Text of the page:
Posted on April 19, 2017
There’s Always a Reason
How true! But it’s hard to be compassionate when someone is so difficult.
An ageing aunt of whom I was very fond, called me at five o’clock in the morning distressed because she was having difficulty breathing. As this wasn’t the first time, I told her to breathe slowly and deeply for five minutes and I would call her back to see how she was.
Two minutes later she called, wailing and screaming. She couldn’t breathe. She was going to die. I quickly pulled on a pair of tracksuit bottoms and a jumper, grabbed the car keys and made my way to her home. Fifteen minutes later I arrived and rung on the door bell, my heart racing, wondering if this would be the time she didn’t answer.
She answered.Thankfully! With a huge smile and a kiss she welcomed me in and asked if I would like some tea and toast. She was breathing just fine. I dragged my weary feet into the kitchen to find an elderly friend of hers and the next door neighbour, both looking tired and fed up, sipping from steaming cups of tea. I felt so angry at her inconsiderate behaviour. I had a full day’s work ahead and would undoubtedly be tired and grumpy. How could she not see how selfish she was behaving?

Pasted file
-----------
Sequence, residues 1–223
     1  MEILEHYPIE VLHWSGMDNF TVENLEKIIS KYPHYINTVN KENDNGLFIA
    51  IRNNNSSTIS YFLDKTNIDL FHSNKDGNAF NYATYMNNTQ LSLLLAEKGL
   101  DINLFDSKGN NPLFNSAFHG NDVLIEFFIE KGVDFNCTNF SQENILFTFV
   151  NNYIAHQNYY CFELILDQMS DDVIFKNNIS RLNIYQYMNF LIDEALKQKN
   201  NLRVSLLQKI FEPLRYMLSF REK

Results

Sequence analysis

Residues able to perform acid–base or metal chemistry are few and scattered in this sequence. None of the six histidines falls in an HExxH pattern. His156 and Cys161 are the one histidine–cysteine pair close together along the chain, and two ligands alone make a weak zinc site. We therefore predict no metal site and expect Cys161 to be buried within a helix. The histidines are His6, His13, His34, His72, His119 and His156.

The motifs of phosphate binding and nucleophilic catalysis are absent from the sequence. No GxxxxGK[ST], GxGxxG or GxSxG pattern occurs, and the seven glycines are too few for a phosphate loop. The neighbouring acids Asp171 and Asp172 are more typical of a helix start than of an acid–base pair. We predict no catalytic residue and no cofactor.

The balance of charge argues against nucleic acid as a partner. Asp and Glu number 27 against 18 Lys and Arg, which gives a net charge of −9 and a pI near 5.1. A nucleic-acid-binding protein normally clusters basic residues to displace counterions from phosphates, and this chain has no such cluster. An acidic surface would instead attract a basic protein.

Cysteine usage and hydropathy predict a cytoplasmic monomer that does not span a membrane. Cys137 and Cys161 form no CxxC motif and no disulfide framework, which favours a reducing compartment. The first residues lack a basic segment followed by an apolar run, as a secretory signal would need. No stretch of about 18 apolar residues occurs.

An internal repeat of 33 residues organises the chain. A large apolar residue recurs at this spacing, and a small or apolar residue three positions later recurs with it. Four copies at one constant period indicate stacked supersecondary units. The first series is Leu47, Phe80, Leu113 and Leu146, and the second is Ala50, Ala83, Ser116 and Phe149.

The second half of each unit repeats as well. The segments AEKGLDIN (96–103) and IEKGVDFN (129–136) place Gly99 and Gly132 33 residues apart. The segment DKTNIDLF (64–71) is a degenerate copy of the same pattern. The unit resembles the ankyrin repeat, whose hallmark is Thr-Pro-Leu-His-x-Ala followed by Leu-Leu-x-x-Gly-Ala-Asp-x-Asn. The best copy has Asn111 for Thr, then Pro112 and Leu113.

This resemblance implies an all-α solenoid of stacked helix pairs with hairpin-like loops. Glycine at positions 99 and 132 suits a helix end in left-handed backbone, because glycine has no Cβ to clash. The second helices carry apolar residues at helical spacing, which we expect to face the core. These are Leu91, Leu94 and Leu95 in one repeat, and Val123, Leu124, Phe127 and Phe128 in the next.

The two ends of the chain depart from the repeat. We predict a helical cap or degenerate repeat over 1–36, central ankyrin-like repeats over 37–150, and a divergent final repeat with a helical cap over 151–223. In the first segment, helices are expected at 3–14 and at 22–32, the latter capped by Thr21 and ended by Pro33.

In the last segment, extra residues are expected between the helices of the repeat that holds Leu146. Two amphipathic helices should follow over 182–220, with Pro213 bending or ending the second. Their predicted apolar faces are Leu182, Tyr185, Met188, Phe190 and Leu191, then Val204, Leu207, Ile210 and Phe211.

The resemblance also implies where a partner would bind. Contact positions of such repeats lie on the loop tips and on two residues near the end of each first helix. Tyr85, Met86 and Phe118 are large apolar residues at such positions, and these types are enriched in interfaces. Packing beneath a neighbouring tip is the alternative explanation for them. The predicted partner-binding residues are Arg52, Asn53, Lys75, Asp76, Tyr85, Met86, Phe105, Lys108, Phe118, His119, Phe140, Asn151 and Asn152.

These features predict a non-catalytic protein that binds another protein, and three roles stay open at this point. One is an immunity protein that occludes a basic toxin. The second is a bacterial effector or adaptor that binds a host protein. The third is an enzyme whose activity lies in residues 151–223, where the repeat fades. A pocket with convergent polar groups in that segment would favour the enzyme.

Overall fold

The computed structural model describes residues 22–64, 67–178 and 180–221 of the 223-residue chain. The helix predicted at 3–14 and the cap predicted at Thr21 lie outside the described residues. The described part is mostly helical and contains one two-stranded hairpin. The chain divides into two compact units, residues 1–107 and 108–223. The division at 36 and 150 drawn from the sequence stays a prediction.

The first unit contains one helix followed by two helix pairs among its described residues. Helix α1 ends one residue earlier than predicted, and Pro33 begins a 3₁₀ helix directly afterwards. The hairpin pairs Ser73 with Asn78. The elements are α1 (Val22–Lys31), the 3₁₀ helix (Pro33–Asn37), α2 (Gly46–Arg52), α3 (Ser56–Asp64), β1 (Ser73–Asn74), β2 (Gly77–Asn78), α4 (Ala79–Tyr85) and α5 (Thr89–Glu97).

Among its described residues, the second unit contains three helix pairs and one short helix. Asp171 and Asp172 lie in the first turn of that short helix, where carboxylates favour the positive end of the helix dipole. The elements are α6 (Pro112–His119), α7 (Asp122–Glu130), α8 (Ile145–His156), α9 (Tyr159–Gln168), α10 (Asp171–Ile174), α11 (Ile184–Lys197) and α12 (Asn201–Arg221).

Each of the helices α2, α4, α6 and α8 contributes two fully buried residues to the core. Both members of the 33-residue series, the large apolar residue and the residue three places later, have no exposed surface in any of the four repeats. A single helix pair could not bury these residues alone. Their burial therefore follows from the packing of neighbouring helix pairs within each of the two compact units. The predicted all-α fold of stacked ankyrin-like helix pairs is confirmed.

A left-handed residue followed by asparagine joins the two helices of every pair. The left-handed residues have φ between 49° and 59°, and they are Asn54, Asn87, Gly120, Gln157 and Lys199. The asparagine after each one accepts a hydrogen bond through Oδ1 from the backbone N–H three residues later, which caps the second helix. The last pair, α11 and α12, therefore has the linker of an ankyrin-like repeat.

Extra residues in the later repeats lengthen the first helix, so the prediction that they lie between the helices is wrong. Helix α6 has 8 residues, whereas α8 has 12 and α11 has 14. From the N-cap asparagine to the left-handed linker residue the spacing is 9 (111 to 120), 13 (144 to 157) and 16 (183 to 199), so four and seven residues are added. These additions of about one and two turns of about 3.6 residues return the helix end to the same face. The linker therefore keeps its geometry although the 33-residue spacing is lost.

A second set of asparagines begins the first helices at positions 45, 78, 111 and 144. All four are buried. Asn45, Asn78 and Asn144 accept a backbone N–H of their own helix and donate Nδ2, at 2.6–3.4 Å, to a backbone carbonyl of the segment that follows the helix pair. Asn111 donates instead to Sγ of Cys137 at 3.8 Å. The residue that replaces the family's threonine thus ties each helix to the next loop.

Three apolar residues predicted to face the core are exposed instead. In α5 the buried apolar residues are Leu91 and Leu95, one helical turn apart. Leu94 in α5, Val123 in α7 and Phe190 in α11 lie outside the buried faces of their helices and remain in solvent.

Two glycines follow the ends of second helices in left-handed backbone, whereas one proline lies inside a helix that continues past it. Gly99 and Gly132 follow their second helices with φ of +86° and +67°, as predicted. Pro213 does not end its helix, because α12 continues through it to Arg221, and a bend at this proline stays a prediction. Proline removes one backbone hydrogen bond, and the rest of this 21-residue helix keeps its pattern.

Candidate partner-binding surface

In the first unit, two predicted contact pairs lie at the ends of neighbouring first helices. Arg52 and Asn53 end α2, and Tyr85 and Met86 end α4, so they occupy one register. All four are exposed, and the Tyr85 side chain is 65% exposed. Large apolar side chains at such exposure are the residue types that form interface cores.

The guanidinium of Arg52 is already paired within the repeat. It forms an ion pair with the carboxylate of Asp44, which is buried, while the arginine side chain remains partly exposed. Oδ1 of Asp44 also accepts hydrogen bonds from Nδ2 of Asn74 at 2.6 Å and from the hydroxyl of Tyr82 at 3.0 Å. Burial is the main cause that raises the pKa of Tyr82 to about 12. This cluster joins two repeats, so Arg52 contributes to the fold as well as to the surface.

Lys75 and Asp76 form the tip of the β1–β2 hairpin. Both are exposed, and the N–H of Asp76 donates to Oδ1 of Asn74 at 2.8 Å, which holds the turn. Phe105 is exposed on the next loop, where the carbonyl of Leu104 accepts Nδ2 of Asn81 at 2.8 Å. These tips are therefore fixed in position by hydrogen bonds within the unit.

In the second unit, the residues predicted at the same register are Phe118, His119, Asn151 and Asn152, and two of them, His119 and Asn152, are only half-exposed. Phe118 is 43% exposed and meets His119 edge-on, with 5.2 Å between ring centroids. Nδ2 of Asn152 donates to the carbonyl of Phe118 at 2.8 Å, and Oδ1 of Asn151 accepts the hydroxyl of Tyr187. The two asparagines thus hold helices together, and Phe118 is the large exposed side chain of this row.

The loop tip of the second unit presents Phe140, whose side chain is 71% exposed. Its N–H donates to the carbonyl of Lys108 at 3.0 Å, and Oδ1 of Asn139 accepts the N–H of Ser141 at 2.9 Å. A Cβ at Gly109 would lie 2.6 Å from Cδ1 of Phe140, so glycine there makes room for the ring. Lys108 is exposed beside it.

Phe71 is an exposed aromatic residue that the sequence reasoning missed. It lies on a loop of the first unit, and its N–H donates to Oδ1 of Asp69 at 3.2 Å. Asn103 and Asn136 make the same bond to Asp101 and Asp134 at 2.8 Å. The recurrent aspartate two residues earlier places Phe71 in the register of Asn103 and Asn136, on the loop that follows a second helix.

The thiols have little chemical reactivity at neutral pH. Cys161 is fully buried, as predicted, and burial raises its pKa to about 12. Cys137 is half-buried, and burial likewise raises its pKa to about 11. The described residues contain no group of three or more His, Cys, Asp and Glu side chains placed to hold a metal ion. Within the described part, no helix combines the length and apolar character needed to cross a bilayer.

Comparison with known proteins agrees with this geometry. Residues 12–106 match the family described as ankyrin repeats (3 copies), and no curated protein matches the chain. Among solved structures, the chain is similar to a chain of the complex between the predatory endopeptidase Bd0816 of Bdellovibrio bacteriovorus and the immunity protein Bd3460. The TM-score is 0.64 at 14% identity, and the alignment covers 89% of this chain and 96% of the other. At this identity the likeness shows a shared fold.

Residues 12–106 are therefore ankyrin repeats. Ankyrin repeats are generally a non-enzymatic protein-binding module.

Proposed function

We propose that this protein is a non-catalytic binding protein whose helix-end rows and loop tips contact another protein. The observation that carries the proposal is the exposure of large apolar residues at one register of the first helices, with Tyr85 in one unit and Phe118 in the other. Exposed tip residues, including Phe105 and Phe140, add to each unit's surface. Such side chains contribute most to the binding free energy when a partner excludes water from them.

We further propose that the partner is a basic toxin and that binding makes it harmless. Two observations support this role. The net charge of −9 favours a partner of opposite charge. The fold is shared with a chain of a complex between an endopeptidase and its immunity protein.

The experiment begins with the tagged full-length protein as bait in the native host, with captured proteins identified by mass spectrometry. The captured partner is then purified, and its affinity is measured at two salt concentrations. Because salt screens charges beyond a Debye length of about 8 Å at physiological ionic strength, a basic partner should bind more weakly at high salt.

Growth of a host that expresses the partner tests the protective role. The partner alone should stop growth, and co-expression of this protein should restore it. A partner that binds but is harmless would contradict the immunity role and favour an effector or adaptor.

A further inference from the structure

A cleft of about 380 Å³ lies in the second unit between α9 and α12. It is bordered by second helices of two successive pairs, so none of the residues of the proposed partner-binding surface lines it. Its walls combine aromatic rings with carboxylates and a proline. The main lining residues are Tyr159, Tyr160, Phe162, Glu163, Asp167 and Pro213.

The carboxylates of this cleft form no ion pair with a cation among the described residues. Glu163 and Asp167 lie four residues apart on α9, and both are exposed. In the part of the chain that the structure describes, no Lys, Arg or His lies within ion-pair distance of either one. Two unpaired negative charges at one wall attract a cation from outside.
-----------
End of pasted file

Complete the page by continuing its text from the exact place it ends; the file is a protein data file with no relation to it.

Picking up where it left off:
As the months passed she became increasingly difficult and, trust me, compassion didn’t get a look in. She was coherent and managed to wash, dress and cook for herself – in other words, OK! – but she would call late at night or early morning with some problem or other.
Then she began to fall on a regular basis but not really hurt herself. She would fall next to her chair or by her bed and say she was unable to get up. This, like the breathing episodes, usually occurred in the early hours of the morning. I knew that she felt lonely so I tried to spend more time with her during the day when I could, but I found it so hard to forgive her for the early morning and late night calls.
It wasn’t until she was admitted to hospital with a fractured wrist sustained during one of her falls that we discovered she had suffered a series of mini strokes. Lots of them over many months. These strokes were causing her to pass out and fall but then recover quite rapidly giving the impression she was well. They were also likely to be the cause of the irrational behaviour she displayed prior to admission to hospital.
Unfortunately she deteriorated rapidly and passed away within a few months. Looking back over that time I wish I had been more patient and compassionate. I am sorry I was not more understanding.
When there is no apparent reason for a person displaying difficult behaviour we can sometimes be unforgiving. I wish I had thought more about her and less about me. When adults and children are demanding and difficult there is almost always a reason. We just have to look for it.